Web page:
JP: Bar Room was mentioned in an article in German teen magazine Bravo already back in 1991/92 (together with another so-far unreleased track called Box on the Air - if anyone reading this knows anything about that song then let us know!) when Pål had started working on songs for Memorial Beach, and since then Bar Room had a mythical status for me. What would it sound like? Slow or fast, rocking or soft? I think I even had a dream about the song once or twice. So when it finally got released on the Memorial Beach Deluxe Edition in 2015 did it meet my high expectations? The short answer is "no", and the longer answer is "no, there is no way it could have". Because you can't go back to those days, can you? The excitement after waiting almost a quarter of a century is enormous, and no song can live up to that. But it's still a highly enjoyable, fun song with almost a country rock feel to it, and it's one I have listened to a lot. Certainly superior to Between Your Mama and Yourself - the other "fun" track from the Memorial Beach recording session - but it might not have been the right fit for the album. Great song but they should have released Bar Room as a B-side back in 1993 instead of waiting 20+ years to give fans a chance to hear it.


Hurry Home
Stay On These Roads (1988)

JP: Hurry Home (or "burry bome" as the 12-year old me first thought it was called was when I saw the Stay On These Roads cassette tape cover with the titles written in italic typography which made the h look like a b) made a big impression on me when it was first released. I thought the train-like drums or percussions in the intro were amazing, and I always liked they lyrics with the mix of very specific and abstract imagery. Not often mentioned on any "essential a-ha songs" list Hurry Home is not the strongest track on Stay On These Roads, but I have always had a great fondness for it - not least the "Rolling countries / Fields unfolding" segway into the final verse. Very 1988 but you won't hear ME complain about that. Maybe it's time for a-ha to bring "burry bome" back onto the setlist?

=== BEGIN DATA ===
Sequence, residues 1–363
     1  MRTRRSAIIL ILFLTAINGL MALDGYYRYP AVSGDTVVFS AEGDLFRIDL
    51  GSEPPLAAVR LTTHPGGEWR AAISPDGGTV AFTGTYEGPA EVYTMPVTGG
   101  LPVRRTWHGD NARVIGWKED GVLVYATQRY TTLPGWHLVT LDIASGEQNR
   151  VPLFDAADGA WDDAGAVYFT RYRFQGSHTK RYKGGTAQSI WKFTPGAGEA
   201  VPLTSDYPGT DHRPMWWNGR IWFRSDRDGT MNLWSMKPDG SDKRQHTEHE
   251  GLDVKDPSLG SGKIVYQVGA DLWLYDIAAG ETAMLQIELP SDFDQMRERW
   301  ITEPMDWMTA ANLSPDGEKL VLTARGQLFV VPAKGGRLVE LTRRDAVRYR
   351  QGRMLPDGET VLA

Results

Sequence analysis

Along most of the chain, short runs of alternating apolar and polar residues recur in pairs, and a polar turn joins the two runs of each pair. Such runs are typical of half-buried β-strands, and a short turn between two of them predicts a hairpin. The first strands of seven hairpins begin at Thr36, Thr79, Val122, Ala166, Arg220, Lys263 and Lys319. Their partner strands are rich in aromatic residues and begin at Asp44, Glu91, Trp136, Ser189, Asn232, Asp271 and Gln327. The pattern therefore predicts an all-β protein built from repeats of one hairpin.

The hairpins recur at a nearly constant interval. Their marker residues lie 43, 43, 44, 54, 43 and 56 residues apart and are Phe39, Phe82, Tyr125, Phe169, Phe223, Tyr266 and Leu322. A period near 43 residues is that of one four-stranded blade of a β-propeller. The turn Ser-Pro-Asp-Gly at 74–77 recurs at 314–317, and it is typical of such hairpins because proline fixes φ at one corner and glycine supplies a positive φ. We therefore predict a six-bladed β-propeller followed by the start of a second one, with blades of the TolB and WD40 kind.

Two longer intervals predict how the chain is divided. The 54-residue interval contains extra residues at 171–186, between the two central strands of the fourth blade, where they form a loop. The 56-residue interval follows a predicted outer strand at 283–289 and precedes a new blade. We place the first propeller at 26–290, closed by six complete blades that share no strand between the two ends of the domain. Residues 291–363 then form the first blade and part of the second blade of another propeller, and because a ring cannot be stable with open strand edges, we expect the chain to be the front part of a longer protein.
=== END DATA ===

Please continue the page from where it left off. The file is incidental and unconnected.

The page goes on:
JSS: This is a weird one. It has some of the greatest moments on Stay On These Roads in my ears, but combined with some of lesser quality. It begins well with an almost high energy Stripped by Depeche Mode feeling. The verse and bridge are nice, but then it kicks in; the chorus with "I'm doing it right ...". It straight up destroys the mood of the song. However, the middle eight is one of the finest moments with regards to atmosphere in any a-ha song, and I so enjoy those 35 seconds it lasts. Rewritten a little it could have been so much better.